Permanent link to this record
 

 
Author Mills, S.; Miller, S. url  doi
openurl 
  Title VIIRS Day/Night Band--Correcting Striping and Nonuniformity over a Very Large Dynamic Range Type Journal Article
  Year 2016 Publication (up) Journal of Imaging Abbreviated Journal J. Imaging  
  Volume 2 Issue 1 Pages 9  
  Keywords Instrumentation  
  Abstract The Suomi National Polar-orbiting (NPP) Visible Infrared Imaging Radiometer Suite (VIIRS) Day-Night Band (DNB) measures visible and near-infrared light extending over seven orders of magnitude of dynamic range. This makes radiometric calibration difficult. We have observed that DNB imagery has striping, banding and other nonuniformities—day or night. We identified the causes as stray light, nonlinearity, detector crosstalk, hysteresis and mirror-side variation. We found that these affect both Earth-view and calibration signals. These present an obstacle to interpretation by users of DNB products. Because of the nonlinearity we chose the histogram matching destriping technique which we found is successful for daytime, twilight and nighttime scenes. Because of the very large dynamic range of the DNB, we needed to add special processes to the histogram matching to destripe all scenes, especially imagery in the twilight regions where scene illumination changes rapidly over short distances. We show that destriping aids image analysts, and makes it possible for advanced automated cloud typing algorithms. Manual or automatic identification of other features, including polar ice and gravity waves in the upper atmosphere are also discussed. In consideration of the large volume of data produced 24 h a day by the VIIRS DNB, we present methods for reducing processing time.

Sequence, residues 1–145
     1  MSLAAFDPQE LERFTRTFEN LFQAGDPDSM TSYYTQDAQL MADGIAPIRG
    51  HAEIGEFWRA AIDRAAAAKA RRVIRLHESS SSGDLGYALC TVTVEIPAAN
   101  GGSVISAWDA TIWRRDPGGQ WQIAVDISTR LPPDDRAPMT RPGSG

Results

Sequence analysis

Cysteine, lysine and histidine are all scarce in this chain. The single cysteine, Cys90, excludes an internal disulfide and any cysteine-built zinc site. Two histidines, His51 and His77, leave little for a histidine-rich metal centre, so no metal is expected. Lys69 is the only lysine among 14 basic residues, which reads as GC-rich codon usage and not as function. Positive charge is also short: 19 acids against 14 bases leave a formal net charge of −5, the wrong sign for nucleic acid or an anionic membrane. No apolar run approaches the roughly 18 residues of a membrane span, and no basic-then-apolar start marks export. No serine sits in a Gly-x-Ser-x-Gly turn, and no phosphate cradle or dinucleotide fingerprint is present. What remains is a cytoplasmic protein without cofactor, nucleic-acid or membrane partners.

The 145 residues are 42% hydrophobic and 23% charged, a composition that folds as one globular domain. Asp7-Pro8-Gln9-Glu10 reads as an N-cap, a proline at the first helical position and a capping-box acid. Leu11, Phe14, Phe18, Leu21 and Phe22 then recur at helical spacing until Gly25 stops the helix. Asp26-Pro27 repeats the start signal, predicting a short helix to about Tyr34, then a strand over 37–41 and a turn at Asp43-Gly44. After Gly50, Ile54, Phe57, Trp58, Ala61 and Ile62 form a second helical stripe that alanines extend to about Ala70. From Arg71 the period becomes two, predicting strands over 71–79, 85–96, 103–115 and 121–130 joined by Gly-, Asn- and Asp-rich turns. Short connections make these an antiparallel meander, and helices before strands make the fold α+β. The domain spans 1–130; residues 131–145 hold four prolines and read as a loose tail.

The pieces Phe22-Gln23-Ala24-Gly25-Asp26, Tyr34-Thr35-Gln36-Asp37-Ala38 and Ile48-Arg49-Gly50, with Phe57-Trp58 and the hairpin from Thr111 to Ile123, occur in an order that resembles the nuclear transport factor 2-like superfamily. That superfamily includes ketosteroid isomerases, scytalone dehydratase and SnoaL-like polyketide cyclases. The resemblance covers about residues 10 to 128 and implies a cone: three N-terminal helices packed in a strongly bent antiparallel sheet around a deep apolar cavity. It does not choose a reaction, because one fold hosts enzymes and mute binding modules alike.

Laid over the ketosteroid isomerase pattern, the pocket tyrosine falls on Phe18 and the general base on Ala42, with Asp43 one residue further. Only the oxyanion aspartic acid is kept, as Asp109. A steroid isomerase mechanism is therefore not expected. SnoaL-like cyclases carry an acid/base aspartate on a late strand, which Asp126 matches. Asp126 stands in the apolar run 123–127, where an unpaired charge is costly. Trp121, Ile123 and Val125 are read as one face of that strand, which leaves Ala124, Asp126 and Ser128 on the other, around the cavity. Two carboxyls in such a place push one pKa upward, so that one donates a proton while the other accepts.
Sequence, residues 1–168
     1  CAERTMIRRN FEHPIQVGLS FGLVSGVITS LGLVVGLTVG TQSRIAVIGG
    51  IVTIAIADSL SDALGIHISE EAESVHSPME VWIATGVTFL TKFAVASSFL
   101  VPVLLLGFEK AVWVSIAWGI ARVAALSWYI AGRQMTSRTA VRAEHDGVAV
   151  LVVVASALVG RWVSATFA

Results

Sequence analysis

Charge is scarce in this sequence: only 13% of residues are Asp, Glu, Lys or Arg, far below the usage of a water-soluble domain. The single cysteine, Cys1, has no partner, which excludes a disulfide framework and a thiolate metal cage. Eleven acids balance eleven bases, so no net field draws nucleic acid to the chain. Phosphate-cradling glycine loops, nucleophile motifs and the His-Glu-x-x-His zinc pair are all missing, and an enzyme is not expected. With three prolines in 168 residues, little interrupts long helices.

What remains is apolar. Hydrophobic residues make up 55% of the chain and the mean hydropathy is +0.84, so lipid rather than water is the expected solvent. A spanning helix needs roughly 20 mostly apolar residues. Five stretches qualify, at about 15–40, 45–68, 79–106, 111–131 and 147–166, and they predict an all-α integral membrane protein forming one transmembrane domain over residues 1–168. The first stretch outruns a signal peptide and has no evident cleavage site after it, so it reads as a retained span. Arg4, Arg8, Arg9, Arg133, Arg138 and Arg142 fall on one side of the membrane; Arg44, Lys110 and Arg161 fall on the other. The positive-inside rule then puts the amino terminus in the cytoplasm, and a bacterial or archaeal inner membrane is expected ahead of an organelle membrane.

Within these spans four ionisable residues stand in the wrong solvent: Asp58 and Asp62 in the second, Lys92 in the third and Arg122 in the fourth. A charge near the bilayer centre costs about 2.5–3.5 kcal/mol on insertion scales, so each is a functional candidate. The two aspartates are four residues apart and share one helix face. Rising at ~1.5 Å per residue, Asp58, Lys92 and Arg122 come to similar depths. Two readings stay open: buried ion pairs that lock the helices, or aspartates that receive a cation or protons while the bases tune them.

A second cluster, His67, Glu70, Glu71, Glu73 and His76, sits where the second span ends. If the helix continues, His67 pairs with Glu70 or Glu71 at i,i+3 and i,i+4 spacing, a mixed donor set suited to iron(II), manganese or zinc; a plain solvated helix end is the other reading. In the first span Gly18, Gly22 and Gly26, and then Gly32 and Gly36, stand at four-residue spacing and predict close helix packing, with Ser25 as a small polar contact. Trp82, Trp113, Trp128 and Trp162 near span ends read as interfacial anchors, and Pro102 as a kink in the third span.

Address  
  Corporate Author Thesis  
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  Language Summary Language Original Title  
  Series Editor Series Title Abbreviated Series Title  
  Series Volume Series Issue Edition  
  ISSN 2313-433X ISBN Medium  
  Area Expedition Conference  
  Notes Approved no  
  Call Number LoNNe @ kyba @ Serial 1400  
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Author Liefting, M.; Cosijn, J.; Ellers, J. url  doi
openurl 
  Title Synergistic effect of daily temperature fluctuations and matching light-dark cycle enhances population growth and synchronizes oviposition behavior in a soil arthropod Type Journal Article
  Year 2016 Publication (up) Journal of Insect Physiology Abbreviated Journal Journal of Insect Physiology  
  Volume 96 Issue in press Pages 108-114  
  Keywords Animals